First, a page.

TransLight/StarLight Supports International Distributed Instruction in High-Definition
Participants: Jason Leigh, Maxine Brown, Thomas A. DeFanti
Institutions: LSU, Louisiana Tech University, University of Arkansas, MCNC in North Carolina, and Masaryk University in the Czech Republic
The use of interconnected computer clusters to solve problems, also known as high-performance computing (HPC), is a leading technology of the new century. Fifteen years ago, HPC was used primarily by academics solving Grand Challenge problems and by the military; today, every person who does an Internet browser search is tapping into a supercomputing resource.
There is a rapidly growing demand for programmers who know how to do HPC, and university computer science departments worldwide are starting to augment their curricula to train their students to support commercial applications of HPC, ranging from credit card fraud detection to genome sequencing that yield new pharmaceuticals.
Louisiana State University (LSU) Center for Computation and Technology (CCT) professor Thomas Sterling, a renowned researcher in the field, is taking it a step further with his spring 2007 semester class “High-Performance Computing: Concepts, Methods and Means”. It is the first course in the US being taught using high-definition (HD) video broadcast for distributed classroom instruction.
The course is being offered to students at LSU, Louisiana Tech University, University of Arkansas, MCNC in North Carolina, and Masaryk University in the Czech Republic. NSF-funded TransLight / StarLight, an optical network link between the US and Europe in support of science and education, is being used to transmit uncompressed HD video streams to the Czech Republic. Statewide research and education optical networks Louisiana Optical Network Initiative (LONI) and the Arkansas Research and Education Optical Network (ARE-ON), and the nationwide optical network National LambdaRail, help support the course to locations in the US.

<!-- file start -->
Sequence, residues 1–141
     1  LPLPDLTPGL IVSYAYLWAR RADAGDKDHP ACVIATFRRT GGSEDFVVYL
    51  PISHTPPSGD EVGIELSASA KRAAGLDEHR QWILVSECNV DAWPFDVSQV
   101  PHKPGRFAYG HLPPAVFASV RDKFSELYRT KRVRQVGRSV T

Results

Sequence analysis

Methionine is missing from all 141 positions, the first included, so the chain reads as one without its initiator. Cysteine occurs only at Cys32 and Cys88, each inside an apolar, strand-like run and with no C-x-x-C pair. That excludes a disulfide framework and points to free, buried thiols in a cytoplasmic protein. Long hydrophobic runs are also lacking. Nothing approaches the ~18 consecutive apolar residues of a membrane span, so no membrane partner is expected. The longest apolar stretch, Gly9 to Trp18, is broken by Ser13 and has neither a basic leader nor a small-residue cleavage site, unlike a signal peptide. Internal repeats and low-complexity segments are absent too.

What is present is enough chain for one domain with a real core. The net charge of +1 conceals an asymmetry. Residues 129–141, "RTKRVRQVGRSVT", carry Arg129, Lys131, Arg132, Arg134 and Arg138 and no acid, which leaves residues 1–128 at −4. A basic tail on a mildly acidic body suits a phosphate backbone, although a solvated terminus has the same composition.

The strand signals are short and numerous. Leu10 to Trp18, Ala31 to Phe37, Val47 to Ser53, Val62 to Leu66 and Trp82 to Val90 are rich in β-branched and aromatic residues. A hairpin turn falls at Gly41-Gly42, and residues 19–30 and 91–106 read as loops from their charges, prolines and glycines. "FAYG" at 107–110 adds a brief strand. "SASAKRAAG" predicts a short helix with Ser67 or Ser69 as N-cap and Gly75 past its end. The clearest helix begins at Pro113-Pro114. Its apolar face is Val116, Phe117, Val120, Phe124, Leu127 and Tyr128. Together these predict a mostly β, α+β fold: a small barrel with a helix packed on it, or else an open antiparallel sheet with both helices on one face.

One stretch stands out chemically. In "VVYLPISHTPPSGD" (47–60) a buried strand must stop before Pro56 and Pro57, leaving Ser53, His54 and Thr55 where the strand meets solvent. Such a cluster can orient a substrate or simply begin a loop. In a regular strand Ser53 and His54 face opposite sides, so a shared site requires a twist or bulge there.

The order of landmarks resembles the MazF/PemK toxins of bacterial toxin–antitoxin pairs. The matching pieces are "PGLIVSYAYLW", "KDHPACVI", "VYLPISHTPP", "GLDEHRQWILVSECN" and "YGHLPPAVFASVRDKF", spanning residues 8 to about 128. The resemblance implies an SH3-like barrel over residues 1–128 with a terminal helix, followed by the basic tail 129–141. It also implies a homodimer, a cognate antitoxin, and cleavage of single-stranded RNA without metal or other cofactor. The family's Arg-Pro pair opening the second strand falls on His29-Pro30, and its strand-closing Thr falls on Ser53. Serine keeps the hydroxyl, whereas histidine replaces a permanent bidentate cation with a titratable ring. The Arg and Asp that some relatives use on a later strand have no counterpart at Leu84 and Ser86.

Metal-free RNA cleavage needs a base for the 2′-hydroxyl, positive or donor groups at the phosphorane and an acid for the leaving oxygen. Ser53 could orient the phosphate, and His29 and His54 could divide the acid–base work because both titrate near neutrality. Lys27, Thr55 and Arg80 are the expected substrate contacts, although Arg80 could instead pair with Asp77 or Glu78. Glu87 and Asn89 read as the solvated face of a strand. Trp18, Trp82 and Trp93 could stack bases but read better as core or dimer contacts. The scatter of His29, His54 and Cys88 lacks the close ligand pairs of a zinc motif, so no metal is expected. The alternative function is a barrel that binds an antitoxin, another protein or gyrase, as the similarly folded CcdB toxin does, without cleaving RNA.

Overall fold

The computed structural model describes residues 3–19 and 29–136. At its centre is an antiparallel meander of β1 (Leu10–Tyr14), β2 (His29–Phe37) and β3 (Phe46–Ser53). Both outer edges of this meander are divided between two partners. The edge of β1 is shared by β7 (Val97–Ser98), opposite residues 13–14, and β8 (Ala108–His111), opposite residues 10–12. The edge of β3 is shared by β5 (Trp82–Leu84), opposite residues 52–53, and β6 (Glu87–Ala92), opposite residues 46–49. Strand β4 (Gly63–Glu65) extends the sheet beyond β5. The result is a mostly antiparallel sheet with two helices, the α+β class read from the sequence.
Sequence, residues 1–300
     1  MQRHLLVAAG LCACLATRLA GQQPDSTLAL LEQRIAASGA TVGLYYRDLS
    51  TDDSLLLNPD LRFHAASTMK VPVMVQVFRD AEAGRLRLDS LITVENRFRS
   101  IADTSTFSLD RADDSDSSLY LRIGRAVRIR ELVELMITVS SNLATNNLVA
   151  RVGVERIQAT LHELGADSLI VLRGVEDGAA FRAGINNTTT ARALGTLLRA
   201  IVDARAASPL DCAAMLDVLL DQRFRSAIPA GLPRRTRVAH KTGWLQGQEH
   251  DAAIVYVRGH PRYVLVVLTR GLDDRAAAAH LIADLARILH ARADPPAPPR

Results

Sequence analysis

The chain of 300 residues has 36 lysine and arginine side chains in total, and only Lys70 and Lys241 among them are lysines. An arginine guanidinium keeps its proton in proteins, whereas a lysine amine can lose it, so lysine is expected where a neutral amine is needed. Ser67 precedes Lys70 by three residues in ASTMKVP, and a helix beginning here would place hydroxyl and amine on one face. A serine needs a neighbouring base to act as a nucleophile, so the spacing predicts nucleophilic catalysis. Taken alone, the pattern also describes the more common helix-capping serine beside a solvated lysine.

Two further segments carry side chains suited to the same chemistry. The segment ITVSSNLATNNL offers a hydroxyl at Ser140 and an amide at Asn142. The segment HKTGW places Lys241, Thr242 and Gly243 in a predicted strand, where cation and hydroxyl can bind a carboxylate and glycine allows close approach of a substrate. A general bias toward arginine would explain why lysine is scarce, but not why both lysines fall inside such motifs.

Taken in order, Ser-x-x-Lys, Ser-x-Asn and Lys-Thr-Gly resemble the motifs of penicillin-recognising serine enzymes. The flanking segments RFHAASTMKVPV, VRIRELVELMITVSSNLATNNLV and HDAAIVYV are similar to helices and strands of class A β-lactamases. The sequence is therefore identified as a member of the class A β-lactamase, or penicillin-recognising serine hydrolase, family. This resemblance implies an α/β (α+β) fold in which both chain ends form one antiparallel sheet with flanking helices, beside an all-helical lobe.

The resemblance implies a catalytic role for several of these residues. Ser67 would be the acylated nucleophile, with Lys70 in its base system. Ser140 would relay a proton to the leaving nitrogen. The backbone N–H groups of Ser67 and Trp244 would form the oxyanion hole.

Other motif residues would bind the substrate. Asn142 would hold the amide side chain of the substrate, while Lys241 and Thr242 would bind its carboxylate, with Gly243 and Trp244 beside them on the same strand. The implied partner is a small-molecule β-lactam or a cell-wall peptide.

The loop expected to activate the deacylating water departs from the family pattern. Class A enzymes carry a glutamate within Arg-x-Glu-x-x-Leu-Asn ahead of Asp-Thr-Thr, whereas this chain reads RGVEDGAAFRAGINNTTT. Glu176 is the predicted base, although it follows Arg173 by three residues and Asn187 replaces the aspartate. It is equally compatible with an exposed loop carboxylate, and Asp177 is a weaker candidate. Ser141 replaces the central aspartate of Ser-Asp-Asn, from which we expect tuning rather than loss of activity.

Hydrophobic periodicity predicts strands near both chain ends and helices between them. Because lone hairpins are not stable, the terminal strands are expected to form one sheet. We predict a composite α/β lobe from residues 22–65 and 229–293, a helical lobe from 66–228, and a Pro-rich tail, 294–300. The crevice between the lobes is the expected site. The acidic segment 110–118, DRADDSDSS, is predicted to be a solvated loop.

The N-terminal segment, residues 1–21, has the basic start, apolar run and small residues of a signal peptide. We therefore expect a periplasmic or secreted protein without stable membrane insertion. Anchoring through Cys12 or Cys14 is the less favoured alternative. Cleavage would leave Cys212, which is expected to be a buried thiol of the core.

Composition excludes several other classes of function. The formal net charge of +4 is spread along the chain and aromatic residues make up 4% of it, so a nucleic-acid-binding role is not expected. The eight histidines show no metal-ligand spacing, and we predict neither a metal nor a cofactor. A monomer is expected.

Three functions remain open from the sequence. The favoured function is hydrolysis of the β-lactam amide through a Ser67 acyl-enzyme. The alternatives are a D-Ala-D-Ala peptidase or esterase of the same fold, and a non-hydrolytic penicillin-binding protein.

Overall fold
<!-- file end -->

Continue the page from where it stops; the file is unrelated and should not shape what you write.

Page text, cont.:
Virtual presence requires high-quality HD video and two-way audio transmission with minimum latency. A single raw HD stream consumes about 1.5 Gbps of bandwidth, and multi-site virtual meetings like this course can easily saturate a 10 Gbps link. This far exceeds the on-demand bandwidth available on the Internet, though course organizers are distributing the course via the Internet to Access Grid displays at select sites that do not yet have their optical connections and/or HD technologies in place.
Multi-gigabit optical links such as TransLight / StarLight can easily handle the transmission of such large volumes of data at low latency. In addition, computers housed at the StarLight facility in Chicago replicate the HD stream to achieve scalability. As HDTV display technology continues to drop in price, faculty and students will come to expect that the quality of equipment in their classrooms match what they have in their home.
TransLight / StarLight continues to support today’s high-performance data exchange between US scientists and their European colleagues; and, through distributed courses such as this, helps prepare tomorrow’s scientists, too.
Date: February 16, 2007